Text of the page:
Leslie Speicher loves glass. And she’s partial to glass fusing and casting. It’s a technique that lets the artist “glue” pieces of glass together using a high-temperature torch. The result can be a simple bowl or a large-scale architectural element.
Novice glass fusers and experts alike now have a comfortable, inviting space to practice their craft at Speicher’s Chicago Glass Collective (chicagoglasscollective.com). She opened the facility in a the historic Deagen Building (1770 West Berteau Street), a former xylophone factory—in South East Ravenswood.
“There was a huge need and a void for a place to fuse glass, especially since Chicago is starting to build up a following of glass artists,” Speicher said.
The Chicago Glass Collective opened in November, 2012, and nearly every table was being used the snowy night I visited. There’s enough space for eight people to work on projects at once, with all the equipment needed, and raw materials available for purchase.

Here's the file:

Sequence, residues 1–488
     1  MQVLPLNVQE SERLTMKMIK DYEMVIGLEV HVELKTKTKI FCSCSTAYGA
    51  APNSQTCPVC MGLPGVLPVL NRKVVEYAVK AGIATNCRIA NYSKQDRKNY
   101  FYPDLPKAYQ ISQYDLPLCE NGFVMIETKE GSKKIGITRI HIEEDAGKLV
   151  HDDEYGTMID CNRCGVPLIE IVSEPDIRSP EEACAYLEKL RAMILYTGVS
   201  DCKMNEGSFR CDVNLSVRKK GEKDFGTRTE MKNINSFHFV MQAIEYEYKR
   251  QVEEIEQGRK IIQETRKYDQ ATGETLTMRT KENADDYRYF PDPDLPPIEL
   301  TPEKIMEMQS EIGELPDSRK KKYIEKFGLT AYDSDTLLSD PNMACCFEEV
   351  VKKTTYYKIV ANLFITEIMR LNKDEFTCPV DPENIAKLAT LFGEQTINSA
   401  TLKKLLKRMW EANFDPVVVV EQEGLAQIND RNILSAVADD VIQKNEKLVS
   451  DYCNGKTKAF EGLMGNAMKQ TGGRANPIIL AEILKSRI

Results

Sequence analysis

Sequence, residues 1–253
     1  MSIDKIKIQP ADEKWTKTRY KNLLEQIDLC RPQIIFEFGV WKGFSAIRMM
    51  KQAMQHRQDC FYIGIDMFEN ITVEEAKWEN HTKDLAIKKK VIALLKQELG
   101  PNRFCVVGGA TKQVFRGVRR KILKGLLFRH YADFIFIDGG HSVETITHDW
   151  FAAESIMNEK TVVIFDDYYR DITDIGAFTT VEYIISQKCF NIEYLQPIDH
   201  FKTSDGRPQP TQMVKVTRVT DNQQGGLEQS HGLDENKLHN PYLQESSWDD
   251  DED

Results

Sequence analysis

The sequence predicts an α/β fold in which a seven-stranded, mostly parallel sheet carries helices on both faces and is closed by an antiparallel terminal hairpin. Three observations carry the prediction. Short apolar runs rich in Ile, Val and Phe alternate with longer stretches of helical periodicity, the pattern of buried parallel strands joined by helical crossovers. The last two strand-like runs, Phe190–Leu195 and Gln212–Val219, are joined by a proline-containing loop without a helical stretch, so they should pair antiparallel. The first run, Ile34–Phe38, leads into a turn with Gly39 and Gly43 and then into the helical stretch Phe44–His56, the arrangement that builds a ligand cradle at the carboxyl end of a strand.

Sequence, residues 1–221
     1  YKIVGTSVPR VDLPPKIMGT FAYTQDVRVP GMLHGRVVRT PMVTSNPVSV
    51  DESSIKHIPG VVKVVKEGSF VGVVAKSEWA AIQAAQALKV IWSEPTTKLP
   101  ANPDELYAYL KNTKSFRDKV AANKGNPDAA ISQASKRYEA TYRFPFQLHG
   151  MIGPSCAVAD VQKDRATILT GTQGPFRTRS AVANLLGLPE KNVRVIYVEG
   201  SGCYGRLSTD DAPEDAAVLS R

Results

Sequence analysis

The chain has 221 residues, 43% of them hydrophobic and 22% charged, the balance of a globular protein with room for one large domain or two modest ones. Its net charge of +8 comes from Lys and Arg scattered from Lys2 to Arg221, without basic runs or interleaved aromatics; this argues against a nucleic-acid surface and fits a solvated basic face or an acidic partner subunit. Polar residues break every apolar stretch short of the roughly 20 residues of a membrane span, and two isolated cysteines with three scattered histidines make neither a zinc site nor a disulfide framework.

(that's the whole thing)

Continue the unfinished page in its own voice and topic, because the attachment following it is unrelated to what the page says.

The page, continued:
Collective members can create artistic elements by melting and forming glass rods into shapes with a high-temperature torch. Casting equipment is also available, including kilns ranging in size from an 8″x8″ test kiln to a large 18″x40″ oval kiln. Artists can rent the kilns and the fusing equipment, or join as a collective member to save on equipment use.
Speicher also offers workshops and classes for new glass artists. They range from introductory beadmaking to a full four-week glass fusing course.
“My goal is to give people enough information so they can develop their own style,” she said. “We have students from all walks of life — a chemist, a social worker, a scientist.”
Instructing new artists is a role Speicher is well suited for, since she spent much of her career as an art teacher. The opportunity to open Chicago Glass Collective came when her full-time job as a high school art instructor ended last year.
Opening a studio was always something she wanted to try.
“I figured, it was now or never!”